Tutorial Chapter 3: What are the current regulations concerning human subjects research?

Current policies and requirements for research activities involving human subjects are set forth in the US Code of Federal Regulations, Title 45 Public Welfare, Department of Health and Human Services, National Institutes of Health, Office for Protection from Research Risks, Part 46 Protection of Human Subjects.

Part 46 embodies the actual regulations governing activities with human subjects, and is usually referred to as the “Common Rule.” These regulations are supplemented by policies and regulations of other branches of government and the University.

The policies put forth in the Common Rule apply to all research with human subjects that is conducted, supported or otherwise subject to regulation by a Federal department or agency. At New York University, as at most other universities in the United States, the requirements of the Common Rule are applied to all research with human subjects carried out at NYU or by members of the University community.

The Common Rule, along with the body of precedent and interpretation based on it, establishes the requirements for approval of research with human subjects, including:

  • categories of research that may receive Exempt Status
  • procedures for working with minors and other protected populations
  • the content and documentation of informed consent
  • ongoing review policies.

All these topics are presented in detail in other sections of this tutorial.

In order to implement the Common Rule, the University has an assurance on file with the Federal government that allows it to designate an Institutional Review Board (IRB) (known at NYU as the University Committee on Activities Involving Human Subjects and generally referred to as UCAIHS or the Committee), to oversee the review and approval process for research involving human subjects.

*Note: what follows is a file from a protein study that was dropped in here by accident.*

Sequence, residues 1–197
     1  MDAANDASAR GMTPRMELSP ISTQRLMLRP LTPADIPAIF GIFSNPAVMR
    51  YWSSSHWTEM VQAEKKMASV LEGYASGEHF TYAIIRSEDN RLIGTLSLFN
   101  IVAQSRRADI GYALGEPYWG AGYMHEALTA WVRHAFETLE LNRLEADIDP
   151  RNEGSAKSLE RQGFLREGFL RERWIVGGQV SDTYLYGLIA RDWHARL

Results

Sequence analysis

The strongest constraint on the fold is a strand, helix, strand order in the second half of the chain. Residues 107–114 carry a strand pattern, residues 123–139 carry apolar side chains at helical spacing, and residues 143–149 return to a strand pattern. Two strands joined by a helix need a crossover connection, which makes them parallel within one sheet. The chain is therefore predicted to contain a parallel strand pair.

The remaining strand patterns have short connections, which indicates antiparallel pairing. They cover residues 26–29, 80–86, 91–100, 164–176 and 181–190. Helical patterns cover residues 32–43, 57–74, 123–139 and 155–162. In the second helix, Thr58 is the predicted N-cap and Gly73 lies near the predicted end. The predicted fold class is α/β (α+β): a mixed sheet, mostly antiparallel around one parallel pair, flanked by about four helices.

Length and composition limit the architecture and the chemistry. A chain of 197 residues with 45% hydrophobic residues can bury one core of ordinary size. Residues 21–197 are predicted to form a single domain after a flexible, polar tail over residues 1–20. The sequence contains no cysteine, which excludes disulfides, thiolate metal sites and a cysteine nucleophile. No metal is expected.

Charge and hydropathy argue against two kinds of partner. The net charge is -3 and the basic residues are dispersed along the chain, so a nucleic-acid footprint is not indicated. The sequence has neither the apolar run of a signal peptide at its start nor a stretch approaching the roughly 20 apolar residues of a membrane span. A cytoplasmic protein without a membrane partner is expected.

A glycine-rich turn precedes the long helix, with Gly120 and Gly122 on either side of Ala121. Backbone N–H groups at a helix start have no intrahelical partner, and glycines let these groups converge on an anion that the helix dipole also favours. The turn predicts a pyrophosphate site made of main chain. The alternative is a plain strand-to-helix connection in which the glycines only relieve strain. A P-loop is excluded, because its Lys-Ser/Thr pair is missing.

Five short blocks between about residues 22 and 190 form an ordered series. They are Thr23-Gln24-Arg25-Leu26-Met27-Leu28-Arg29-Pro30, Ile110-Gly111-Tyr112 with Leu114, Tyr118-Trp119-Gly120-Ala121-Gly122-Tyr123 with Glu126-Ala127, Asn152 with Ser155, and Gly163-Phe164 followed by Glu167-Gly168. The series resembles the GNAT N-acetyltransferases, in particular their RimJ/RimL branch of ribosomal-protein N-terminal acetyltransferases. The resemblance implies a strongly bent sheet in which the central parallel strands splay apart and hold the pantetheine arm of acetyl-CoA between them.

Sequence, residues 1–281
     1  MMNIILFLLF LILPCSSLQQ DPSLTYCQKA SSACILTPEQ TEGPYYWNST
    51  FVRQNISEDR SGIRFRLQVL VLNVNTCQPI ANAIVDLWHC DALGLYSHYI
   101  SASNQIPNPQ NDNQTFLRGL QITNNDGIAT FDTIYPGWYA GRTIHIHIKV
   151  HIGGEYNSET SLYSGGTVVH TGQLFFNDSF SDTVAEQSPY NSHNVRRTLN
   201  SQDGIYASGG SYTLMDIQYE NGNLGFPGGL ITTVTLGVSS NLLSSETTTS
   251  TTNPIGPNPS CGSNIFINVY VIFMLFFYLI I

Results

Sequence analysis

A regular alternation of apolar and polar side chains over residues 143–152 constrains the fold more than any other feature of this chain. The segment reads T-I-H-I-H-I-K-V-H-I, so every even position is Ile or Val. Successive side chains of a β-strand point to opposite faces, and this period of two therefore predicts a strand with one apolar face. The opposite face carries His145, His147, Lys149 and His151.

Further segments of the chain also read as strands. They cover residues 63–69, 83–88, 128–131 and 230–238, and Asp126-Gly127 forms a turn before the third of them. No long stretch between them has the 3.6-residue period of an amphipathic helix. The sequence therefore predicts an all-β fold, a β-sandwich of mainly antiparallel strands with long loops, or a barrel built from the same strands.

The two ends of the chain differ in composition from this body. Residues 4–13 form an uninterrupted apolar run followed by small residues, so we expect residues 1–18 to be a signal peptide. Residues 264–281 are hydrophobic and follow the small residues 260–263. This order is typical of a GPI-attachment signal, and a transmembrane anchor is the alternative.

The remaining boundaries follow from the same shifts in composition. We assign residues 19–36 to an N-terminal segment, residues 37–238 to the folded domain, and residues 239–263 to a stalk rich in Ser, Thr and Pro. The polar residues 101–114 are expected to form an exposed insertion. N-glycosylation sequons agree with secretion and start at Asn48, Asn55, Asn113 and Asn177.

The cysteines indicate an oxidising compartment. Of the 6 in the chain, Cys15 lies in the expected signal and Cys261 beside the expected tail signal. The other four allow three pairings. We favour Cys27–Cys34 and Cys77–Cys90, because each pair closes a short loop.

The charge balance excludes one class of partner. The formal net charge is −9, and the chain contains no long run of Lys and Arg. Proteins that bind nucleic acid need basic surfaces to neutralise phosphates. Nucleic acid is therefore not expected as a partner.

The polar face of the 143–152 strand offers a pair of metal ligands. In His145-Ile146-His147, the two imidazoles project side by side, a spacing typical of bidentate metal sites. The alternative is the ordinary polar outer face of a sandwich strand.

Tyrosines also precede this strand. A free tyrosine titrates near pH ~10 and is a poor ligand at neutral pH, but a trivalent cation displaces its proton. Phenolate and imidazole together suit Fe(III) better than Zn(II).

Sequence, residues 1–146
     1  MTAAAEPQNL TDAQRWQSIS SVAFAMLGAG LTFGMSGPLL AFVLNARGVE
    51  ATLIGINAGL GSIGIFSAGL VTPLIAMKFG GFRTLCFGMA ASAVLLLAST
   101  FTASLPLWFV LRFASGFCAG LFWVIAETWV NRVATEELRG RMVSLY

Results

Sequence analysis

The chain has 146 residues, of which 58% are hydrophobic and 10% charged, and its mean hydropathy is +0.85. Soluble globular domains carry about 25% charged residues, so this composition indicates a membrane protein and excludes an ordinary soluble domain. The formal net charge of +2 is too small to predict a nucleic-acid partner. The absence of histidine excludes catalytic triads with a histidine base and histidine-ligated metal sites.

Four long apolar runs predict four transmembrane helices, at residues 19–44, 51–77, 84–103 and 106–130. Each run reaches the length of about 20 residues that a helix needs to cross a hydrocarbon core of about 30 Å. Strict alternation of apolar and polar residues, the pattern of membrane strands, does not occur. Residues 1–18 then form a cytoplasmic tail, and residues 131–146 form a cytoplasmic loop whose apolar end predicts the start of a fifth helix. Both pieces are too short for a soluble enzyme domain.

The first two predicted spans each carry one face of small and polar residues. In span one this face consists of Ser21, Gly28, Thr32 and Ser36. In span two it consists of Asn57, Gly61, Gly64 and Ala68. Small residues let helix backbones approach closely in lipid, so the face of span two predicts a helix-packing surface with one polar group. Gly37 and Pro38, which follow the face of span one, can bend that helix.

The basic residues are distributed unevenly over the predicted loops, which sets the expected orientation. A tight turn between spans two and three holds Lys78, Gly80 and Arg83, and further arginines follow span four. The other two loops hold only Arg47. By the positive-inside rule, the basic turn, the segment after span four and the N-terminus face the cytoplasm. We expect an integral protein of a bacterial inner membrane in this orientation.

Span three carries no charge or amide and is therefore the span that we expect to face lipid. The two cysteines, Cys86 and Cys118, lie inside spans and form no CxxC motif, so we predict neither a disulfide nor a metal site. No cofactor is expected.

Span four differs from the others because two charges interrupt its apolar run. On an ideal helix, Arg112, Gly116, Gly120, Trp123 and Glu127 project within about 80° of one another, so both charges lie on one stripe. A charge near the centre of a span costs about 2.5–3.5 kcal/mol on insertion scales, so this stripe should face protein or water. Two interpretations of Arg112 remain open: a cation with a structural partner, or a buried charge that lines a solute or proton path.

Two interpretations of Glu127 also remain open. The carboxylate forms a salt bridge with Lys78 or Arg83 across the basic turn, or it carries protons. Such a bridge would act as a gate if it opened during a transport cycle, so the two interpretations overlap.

The Common Rule also:

  • establishes the functions and operations of the IRB and the criteria for IRB approval of research
  • sets requirements for IRB membership to ensure diversity of its members, appropriate expertise, and inclusion of a nonscientist and a public member with no other association with the University
  • identifies vulnerable subject populations
  • establishes the categories of IRB approval and the ongoing requirements for each
  • establishes the general requirements for informed consent and its documentation.

Federal regulations as expressed in the Common Rule and administered by individual agencies, are not, however, the only source of policies and requirements for research involving human subjects.

State and local laws and policies must also be observed. One such regulation that has a considerable impact on research at the University is the requirement of the New York City Department of Education that all research involving public school personnel, students, or facilities must be approved by:

  • The University IRB and
  • The IRB of the Department of Education, which is part of the Department's Division of Assessment and Accountability.

In addition, the University may institute policies affecting the requirements for approval that extend Federal, state or local requirements to nonfunded projects as well.

For example, effective October 1st, 2000, the National Institutes of Health requires that, for all NIH-funded projects: